See more architecture and design movies at dezeen.com/movies
Researchers at the Korea Advanced Institute of Science and Technology (KAIST) have unveiled a prototype electric car that folds in half.
The Armadillo-T was conceived by a research team led by In-Soo Suh, associate professor of the Graduate School for Green Transportation at KAIST, to enable drivers to park in tight spots within dense urban environments.
When folded, the micro-car shrinks from 2.8 metres down to 1.65 metres. "Once folded, the small and lightweight electric vehicle takes up only one-third of a five metre parking space, the standard parking size in Korea," said Suh.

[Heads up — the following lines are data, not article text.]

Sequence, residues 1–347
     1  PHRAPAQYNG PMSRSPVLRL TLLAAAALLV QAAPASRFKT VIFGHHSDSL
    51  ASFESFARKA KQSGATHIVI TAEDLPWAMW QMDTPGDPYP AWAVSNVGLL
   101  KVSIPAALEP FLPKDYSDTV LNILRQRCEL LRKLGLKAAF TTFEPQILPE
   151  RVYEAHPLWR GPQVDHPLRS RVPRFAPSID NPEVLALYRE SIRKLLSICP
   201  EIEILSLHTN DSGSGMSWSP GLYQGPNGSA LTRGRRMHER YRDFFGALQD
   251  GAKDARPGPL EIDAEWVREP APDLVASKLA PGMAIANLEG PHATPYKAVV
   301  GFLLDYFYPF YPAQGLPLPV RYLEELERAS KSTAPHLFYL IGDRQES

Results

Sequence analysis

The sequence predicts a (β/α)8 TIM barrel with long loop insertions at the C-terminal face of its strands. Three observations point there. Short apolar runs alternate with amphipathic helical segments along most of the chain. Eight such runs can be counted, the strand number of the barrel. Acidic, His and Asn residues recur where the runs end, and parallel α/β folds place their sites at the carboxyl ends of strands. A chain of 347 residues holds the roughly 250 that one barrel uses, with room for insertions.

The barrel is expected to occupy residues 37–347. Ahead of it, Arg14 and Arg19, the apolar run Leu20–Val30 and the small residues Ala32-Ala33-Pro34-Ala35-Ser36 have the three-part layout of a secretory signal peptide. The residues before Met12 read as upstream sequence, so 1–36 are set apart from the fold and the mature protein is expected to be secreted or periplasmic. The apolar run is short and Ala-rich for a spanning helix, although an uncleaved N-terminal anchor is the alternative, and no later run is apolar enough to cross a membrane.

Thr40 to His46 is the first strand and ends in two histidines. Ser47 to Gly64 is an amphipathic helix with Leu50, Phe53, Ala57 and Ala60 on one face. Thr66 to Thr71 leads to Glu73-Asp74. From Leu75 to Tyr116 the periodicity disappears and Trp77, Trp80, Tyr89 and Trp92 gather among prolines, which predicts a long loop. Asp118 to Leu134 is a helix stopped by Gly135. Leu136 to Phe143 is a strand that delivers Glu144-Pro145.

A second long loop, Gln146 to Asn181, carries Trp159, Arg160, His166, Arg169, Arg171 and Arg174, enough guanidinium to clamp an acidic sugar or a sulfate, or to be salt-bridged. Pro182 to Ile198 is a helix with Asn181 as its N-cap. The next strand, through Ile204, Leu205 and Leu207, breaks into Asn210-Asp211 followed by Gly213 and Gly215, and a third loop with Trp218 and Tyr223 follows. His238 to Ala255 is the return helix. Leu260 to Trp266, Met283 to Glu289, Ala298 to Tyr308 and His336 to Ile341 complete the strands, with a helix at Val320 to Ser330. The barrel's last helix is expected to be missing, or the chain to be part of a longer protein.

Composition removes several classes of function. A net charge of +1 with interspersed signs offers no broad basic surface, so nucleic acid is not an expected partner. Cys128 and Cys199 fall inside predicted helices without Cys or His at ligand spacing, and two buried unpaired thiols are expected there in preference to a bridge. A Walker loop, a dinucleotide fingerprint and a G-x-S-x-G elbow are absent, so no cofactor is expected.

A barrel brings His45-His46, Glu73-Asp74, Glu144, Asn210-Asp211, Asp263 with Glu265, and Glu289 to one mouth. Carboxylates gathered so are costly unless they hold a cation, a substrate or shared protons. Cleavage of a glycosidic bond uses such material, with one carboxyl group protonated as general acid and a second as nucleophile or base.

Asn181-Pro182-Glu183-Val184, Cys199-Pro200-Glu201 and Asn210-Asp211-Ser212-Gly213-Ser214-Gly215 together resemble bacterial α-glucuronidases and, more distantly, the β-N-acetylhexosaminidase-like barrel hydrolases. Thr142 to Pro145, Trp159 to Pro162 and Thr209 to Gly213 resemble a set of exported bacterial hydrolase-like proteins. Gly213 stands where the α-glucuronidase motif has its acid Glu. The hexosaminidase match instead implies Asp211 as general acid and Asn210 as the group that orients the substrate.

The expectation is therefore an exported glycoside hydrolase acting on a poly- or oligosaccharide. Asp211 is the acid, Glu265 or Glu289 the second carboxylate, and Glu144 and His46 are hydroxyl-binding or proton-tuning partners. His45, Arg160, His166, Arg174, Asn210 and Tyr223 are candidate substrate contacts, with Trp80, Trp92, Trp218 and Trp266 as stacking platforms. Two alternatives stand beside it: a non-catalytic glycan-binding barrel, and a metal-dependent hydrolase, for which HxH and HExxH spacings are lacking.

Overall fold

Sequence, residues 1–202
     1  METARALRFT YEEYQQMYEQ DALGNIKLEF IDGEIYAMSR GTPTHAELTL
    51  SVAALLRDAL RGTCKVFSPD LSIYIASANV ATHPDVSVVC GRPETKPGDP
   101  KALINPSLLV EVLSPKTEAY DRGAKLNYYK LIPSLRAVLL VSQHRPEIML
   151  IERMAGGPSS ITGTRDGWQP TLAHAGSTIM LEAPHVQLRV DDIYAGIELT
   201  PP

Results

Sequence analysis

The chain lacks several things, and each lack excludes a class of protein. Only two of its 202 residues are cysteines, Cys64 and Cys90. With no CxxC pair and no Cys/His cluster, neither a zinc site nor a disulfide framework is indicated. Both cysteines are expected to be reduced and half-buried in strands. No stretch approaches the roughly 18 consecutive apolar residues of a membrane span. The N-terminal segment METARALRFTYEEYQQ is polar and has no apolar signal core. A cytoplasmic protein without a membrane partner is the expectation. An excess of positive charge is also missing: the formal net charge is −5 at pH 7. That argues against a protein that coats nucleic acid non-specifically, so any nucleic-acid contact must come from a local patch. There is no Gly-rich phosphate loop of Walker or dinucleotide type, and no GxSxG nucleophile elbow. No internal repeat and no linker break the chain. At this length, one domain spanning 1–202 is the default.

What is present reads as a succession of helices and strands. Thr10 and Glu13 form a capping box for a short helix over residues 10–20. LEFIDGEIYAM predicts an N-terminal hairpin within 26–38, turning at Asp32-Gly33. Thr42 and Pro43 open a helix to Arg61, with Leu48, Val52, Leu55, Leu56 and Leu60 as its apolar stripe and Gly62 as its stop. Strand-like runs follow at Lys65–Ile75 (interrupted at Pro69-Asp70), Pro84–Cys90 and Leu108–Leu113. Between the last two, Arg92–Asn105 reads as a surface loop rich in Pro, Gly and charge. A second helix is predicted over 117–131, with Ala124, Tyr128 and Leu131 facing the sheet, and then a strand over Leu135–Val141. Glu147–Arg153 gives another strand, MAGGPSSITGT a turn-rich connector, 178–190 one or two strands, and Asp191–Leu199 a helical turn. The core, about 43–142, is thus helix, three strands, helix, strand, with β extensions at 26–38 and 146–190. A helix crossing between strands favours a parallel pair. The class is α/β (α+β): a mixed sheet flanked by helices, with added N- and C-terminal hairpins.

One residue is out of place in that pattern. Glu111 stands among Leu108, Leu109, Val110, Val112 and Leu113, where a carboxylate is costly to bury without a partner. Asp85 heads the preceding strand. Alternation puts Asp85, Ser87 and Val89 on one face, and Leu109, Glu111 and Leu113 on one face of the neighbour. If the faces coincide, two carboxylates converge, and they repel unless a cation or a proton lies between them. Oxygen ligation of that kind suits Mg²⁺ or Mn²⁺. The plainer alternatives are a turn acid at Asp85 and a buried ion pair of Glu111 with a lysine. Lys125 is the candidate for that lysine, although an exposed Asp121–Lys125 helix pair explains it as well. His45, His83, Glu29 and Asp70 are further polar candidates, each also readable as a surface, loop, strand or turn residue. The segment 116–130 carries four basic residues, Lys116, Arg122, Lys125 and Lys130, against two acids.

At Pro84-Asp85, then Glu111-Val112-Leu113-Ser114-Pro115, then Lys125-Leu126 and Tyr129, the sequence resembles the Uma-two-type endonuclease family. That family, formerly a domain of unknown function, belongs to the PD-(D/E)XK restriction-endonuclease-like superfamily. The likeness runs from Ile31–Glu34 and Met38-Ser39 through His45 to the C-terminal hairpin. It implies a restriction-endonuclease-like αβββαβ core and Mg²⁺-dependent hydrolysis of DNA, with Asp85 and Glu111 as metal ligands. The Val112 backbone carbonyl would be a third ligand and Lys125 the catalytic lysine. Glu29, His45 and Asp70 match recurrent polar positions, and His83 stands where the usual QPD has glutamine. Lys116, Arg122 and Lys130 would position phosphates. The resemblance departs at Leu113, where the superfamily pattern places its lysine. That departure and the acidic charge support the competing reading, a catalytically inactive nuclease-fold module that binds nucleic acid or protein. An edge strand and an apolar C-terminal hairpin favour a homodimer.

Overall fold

Suh and his team based the car's design on the behaviour of an armadillo, which rolls into a ball when faced with threats from predators. "Just as armadillos hide themselves inside the shell, Armadillo-T tucks its rear body away," Suh said.
Using a remote control, drivers can roll up the back of the car, spin it 360 degrees into the correct position and reverse it snugly into a parking space.
The prototype car features two seats and it has a motor in each of the four wheels. The vehicle's battery and motors stay in the same place when the car folds.
It weighs 450 kilograms, has a maximum speed of 60 kilometres per hour and can travel 100 kilometres on a 10 minute charge of the battery.
Read the full story on Dezeen: dezeen.com/2013/08/23/armadillo-t-foldable-electric-micro-car-by-kaist/
Loading more stuff…
Hmm…it looks like things are taking a while to load. Try again?